This sentence and the English translation "your wife" does not make sense here. "Eure" is plural form of "your". This sentence could make sense only when talking to a bunch of men having one wife, as in a polyandry relationship. Not a situation you would come across in German parts of the world. On the other hand "Eure Frauen" could be right and make sense.
Although this doesn't make much sense, the wife of a group of people. Would make more sense, Eure Frauen.
Maybe it could be "Your woman" as in part of a family. Like saying it to a man and their child...
My grammar book said that eure could be written like euere. Is this true? (it is an ooooold book)
I've seen that too and it's not a typo. The nominative form is "euer". When you add an ending that 2nd 'e' gets dropped. I suspect it is because it is more awkward to pronounce 'euere', so that form doesn't get used much, especially in speech.
There are a few words that this happens to. "dunkel" means "dark". When you add endings, you drop the 'e' before the 'l', z.B. "dunkles".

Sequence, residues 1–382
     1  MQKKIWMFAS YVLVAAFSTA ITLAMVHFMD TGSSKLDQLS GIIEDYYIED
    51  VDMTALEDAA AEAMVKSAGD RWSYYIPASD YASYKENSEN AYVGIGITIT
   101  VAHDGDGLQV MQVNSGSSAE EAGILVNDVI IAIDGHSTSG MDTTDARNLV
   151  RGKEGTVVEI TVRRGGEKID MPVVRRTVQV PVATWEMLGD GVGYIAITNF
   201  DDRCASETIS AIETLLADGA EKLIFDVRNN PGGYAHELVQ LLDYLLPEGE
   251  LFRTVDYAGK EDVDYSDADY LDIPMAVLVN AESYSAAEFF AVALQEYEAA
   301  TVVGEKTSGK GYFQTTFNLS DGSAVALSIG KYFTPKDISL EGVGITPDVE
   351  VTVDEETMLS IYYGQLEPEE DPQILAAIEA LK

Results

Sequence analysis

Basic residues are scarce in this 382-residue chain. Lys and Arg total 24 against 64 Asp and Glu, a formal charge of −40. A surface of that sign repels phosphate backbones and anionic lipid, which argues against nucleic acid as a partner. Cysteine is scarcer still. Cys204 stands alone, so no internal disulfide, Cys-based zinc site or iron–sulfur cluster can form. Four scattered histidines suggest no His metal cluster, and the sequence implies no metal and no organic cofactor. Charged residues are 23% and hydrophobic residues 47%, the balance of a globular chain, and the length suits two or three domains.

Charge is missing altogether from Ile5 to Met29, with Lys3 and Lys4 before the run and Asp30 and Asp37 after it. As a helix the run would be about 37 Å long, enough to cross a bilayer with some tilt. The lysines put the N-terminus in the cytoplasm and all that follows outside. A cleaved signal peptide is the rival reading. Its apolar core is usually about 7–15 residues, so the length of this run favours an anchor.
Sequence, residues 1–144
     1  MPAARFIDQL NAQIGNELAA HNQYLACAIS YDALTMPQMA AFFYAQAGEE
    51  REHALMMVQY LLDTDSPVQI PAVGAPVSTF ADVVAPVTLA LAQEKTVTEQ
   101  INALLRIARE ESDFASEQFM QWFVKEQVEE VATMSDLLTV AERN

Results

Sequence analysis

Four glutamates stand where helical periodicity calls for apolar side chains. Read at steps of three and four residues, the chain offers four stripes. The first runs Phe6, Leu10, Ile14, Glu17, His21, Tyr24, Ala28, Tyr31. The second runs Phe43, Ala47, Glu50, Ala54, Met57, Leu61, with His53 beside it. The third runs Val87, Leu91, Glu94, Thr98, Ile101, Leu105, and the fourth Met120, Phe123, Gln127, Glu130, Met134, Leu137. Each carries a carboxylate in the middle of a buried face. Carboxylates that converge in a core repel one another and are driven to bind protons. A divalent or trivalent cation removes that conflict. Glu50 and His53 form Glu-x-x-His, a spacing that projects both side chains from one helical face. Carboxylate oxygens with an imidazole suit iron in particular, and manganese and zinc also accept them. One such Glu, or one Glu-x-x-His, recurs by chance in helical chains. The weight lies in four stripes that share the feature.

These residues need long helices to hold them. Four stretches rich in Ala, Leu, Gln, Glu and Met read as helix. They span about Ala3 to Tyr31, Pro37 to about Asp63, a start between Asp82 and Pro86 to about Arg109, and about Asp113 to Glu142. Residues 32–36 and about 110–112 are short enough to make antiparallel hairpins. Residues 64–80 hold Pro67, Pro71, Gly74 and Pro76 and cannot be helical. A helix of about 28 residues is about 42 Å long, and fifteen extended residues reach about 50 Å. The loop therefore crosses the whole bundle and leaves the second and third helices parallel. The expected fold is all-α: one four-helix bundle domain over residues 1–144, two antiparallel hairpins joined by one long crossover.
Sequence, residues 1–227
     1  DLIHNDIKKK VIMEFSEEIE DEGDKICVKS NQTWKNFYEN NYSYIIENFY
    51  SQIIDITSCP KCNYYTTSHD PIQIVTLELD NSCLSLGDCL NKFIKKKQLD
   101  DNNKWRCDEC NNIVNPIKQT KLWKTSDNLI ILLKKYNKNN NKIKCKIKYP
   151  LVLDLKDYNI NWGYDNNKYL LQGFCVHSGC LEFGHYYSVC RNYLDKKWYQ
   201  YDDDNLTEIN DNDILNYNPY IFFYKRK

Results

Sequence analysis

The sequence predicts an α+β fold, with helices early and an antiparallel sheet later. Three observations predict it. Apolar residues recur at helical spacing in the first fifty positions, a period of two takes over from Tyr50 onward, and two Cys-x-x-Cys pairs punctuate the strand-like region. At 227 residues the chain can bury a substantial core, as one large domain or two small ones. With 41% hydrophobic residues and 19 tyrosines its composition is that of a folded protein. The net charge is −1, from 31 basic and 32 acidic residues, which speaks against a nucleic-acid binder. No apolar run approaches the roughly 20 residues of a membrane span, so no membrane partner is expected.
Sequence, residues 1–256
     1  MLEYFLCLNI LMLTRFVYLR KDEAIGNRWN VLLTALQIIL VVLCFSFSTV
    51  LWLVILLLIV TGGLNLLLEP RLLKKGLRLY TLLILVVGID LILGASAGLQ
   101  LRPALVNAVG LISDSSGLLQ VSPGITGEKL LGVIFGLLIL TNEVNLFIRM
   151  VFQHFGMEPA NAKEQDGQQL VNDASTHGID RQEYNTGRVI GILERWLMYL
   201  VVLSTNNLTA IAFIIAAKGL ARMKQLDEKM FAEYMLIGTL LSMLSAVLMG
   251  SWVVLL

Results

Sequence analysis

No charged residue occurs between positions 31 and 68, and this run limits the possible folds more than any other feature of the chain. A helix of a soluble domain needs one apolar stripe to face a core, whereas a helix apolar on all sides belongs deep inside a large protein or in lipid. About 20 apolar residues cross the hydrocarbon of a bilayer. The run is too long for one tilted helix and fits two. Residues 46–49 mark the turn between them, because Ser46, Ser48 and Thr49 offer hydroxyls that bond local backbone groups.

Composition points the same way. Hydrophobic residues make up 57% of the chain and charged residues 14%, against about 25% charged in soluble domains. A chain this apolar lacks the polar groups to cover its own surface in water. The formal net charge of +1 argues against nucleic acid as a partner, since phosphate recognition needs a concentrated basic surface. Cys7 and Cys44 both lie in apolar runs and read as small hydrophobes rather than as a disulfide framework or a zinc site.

I don't remember if there is a specific rule to help identify these situations. Maybe it's when there's an 'l' or 'r'.
I can't seem to discern this eure pronunciation. It sounds like 'aughe' with the 'r' being weirdly guttural. Can someone please shed any light on this?
is Eure used to mean "your" as a singular or plural form, or both depending on the context?
Eure is the possive pronoun for you-plural -- second person plural. It's never singular.
Here is the best, clearest page I've found on this topic: http://german.speak7.com/german_pronouns.htm I pasted them into a document, cleaned up the formatting, and color-coded all the confusing hononyms. (I didn't bother with all the future and past tenses etc.
I do my best to remember or figure out where in the table the word I want is, enter it into the exercise first, and then look it up to confirm if I'm unsure -- I find if I look it up without thinking about it, I don't learn anything.
In reality, I believe it should be DeinE Frau ; with the E at the end of dein. The lesson here just matched to words together for the sake of practicing. IMHO.
Does Eure not change with the gender of the noun? Like sein changes to seine when the noun is feminine. Does this?
Eure is the feminine form. The masculine and neuter form is euer, for this present nominative scenario that is.